Morton’s Neuroma

  • mortons neuroma

A neuroma is a thickening of the nerve tissue that may develop in various parts of the body. The most common neuroma in the foot is a Morton’s neuroma. This usually occurs in the third intermetatarsal space, the space between the third and fourth toes and metatarsals, (the bones extending from the toes to the midfoot). It occurs here because this is the area in which the intermetatarsal nerve is thickest because it is made up of joining of several different nerves. The enlargement of the nerve is the result of compression and irritation of the nerve. This compression creates swelling eventually leading to permanent nerve damage.

The pain that occurs with Morton’s neuroma is usually described as a burning, tingling, or numbness in the forefoot. A feeling that something is inside the ball of the foot is also a common symptom. Symptoms usually begin gradually, sometimes with pain occurring only when wearing narrow shoes or performing a particularly aggravating activity such a running. Massaging the foot or avoiding aggravating shoes or activities may temporarily suppress the symptoms. Over time the symptoms progressively worsen and may persist for several days or weeks. The symptoms become more intense as the neuroma enlarges and the temporary changes in the nerve become permanent.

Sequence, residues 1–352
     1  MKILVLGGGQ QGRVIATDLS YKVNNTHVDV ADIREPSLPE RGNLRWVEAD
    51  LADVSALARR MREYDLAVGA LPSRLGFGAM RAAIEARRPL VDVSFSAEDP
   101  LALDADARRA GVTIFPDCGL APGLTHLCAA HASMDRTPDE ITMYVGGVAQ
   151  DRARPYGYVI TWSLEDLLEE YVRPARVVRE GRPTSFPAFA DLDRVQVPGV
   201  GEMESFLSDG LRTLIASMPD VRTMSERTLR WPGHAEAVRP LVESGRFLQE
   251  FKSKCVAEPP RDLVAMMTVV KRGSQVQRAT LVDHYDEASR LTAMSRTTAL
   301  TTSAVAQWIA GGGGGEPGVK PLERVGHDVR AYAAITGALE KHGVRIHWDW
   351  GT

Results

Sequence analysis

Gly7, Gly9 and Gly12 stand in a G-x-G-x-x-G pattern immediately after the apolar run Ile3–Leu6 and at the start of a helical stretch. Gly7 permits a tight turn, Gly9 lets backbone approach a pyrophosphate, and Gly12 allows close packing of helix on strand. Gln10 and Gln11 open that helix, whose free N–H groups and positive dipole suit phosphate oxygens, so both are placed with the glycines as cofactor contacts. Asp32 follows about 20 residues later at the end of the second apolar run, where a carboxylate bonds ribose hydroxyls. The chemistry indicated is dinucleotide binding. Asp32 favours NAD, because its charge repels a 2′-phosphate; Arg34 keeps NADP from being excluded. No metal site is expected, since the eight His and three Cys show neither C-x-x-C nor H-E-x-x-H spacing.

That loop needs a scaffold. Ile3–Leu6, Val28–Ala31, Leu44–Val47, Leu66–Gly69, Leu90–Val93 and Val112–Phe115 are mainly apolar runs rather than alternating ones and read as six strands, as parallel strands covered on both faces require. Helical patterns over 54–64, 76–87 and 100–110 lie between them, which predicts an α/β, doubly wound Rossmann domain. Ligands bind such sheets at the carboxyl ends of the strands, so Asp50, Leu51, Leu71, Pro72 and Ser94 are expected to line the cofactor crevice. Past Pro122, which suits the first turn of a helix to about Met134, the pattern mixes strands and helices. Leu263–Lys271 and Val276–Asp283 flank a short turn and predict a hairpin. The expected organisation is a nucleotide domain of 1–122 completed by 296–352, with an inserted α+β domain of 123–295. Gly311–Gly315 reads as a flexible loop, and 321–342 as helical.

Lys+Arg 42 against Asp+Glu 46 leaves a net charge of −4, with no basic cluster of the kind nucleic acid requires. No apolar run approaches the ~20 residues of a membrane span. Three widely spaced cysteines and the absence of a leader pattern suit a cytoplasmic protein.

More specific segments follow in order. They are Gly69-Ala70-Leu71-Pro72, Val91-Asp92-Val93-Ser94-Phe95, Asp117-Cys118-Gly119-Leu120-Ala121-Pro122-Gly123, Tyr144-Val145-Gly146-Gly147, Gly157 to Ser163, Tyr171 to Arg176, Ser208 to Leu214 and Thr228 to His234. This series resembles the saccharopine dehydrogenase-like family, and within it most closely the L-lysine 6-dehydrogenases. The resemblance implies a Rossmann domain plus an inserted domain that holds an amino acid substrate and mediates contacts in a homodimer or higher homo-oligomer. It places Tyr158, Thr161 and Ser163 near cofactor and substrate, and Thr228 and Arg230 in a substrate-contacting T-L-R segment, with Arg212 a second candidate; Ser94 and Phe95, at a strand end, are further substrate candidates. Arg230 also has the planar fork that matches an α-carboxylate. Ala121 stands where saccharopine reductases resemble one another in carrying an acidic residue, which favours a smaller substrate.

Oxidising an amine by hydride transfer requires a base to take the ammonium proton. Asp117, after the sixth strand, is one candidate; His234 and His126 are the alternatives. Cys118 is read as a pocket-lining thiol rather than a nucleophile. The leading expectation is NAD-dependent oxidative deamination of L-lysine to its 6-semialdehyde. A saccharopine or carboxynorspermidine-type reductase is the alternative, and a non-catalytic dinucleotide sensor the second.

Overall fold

Anything that compresses or irritates the nerve can lead to a neuroma. High-heeled or narrow shoes, foot deformities such as bunions or hammertoes, flat feet or more flexible feet increase, the risk of developing a Morton’s neuroma. Certain activities such as running or racquet sports are also potential causes of developing a Morton’s neuroma due to the repetitive irritation to the ball of the foot. An injury or other type of trauma to the area may also lead to a neuroma.


In developing a treatment plan, Dr. Hausen will first determine how long you’ve had the neuroma and evaluate its stage of development. Treatment approaches vary according to the severity of the problem.

  • Padding for support of the metatarsal arch
  • Custom Orthoticz
  • Activity modifications
  • Changes in shoewear
  • Medications – non-steroidal anti-inflammatory drugs such as Ibuprofen.
  • Injection therapy

Surgery may be necessary in patients who have not received adequate relief from other treatment options. Dr. Hausen will determine which approach is optimal for your condition. Regardless of whether you undergo surgical or non-surgical treatment, Dr. Hausen will recommend long-term measures, since it is important to help keep your symptoms from returning.